In music terms, intonation refers to pitch accuracy – whether a note is played/sung ‘in tune’. When you tune your instrument at the beginning of a practice session, you are adjusting the pitch of a particular note (for example an open string) until it matches a particular reference tone. Whilst you are playing, you are constantly checking and potentially adjusting to ensure that the notes you play are in tune. Having good intonation is an essential part of playing a musical instrument well.
As a string player, below are a few of the techniques that I use to improve my intonation:
Playing through scales is a good way of checking your intonation without having to worry about the other components of playing a piece of music (tempo, rhythm etc). When practising my scales I use the Scales Practice app to ensure that I am playing them correctly. You can pick a scale, set a low tempo and then get the app to play the scale note by note. I play my instrument against these reference tones and adjust where necessary. Being able to play scales in tune helps with my general music playing as you will often find scale patterns in pieces of music.
I find playing with someone else very helpful for checking my intonation (although you are relying on them playing in tune!) and often play with a piano accompaniment. I might start by getting the piano to play the same notes that I am, and then progress to them playing intervals of a fifth, third or octaves so that I can practice listening for the correct intonation. If I don’t have someone to play with, I will look for a recording of the piece and listen to that.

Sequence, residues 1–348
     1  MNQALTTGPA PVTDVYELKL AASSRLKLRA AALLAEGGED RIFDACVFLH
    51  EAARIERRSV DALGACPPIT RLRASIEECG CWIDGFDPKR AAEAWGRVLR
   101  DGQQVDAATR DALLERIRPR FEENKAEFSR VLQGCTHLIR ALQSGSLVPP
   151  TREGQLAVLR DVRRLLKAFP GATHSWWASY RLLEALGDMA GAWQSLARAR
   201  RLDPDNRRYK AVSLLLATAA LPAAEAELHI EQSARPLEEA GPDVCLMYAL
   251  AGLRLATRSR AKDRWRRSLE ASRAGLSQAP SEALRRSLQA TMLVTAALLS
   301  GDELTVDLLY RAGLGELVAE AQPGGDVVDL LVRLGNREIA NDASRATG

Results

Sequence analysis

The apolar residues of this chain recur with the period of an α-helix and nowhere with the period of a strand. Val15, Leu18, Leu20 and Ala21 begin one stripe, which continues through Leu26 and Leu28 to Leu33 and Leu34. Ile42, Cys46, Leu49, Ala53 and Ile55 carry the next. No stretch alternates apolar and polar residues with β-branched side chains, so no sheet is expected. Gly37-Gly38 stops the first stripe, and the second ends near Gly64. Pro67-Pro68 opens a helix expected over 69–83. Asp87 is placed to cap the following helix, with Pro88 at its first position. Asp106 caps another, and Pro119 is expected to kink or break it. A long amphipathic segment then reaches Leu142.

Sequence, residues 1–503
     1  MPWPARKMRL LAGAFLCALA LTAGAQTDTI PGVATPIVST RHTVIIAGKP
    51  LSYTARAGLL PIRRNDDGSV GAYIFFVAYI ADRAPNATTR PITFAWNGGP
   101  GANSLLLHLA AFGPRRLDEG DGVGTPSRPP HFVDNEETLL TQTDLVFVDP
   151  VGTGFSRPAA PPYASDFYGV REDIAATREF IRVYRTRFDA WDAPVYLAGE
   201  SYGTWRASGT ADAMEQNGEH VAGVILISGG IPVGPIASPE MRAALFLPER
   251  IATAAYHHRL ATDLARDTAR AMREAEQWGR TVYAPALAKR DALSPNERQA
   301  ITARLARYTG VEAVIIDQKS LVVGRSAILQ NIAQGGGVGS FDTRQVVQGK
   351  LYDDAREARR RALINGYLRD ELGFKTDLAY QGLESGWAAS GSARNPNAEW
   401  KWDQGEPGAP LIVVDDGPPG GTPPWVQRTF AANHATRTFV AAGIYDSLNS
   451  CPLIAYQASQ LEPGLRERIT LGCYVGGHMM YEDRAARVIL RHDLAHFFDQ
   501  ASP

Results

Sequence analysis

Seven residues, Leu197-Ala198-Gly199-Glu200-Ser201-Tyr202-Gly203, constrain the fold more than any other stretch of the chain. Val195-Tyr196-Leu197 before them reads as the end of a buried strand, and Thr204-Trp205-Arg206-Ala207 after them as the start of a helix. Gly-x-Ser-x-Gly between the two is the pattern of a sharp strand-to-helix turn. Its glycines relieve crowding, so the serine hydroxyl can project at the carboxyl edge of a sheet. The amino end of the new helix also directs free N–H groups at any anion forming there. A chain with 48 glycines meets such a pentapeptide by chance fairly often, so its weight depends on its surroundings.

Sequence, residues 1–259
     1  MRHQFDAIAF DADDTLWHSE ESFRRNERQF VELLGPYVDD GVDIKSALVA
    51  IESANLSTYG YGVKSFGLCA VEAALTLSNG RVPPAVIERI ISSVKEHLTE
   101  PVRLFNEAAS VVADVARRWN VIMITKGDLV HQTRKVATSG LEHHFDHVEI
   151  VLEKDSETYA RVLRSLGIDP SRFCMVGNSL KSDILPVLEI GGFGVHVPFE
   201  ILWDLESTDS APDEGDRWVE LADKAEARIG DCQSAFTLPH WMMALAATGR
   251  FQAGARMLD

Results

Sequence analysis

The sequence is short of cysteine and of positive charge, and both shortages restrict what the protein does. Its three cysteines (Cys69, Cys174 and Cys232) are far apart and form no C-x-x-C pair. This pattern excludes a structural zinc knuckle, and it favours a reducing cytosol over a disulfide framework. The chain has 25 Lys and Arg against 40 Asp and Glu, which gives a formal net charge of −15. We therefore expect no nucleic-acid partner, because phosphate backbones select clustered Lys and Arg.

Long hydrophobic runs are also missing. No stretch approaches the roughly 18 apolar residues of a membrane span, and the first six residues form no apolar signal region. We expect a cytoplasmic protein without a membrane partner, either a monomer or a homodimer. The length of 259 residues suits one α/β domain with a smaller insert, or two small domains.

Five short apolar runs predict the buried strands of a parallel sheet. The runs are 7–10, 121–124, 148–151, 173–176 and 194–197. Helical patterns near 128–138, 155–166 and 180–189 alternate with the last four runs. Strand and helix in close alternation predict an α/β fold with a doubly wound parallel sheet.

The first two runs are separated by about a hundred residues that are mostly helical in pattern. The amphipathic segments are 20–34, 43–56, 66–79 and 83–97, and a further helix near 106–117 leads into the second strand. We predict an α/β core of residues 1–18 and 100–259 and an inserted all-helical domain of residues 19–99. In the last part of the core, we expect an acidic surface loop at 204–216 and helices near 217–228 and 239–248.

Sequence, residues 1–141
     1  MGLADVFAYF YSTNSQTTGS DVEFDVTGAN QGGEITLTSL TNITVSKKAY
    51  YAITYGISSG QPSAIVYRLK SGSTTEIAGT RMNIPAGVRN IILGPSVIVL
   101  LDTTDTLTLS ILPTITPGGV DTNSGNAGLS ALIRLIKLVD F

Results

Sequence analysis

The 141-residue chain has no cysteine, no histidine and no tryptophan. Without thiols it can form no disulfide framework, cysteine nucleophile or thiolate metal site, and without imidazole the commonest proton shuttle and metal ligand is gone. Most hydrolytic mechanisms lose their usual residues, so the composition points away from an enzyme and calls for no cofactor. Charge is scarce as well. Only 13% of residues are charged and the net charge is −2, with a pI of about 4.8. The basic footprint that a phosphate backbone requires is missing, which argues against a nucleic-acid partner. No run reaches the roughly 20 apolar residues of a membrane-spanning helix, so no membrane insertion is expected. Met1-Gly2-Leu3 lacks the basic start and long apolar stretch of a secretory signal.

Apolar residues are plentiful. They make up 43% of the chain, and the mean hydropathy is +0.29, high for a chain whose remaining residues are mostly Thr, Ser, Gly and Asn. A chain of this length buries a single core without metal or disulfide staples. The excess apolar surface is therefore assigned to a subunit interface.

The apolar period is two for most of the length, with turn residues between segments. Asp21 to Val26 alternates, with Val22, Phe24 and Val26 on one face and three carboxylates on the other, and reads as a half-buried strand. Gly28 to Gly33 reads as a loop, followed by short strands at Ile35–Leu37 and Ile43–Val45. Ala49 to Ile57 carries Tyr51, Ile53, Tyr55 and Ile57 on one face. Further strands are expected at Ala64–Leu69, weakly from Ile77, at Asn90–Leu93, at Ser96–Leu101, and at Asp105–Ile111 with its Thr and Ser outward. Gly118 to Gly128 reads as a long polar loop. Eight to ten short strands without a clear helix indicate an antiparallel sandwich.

If I come across particular notes that I am not sure about (usually high up on the figure board!) and don’t have a piano to check against I will play them against my tuner to make sure that I have them right.
I find that practising a note against an open string can help me to hear whether it is in tune or not. I will often start playing octave intervals (e.g. play an A on my D string against my open A string), and then progress to other intervals such as thirds. I also practice interval scales to help improve my intonation.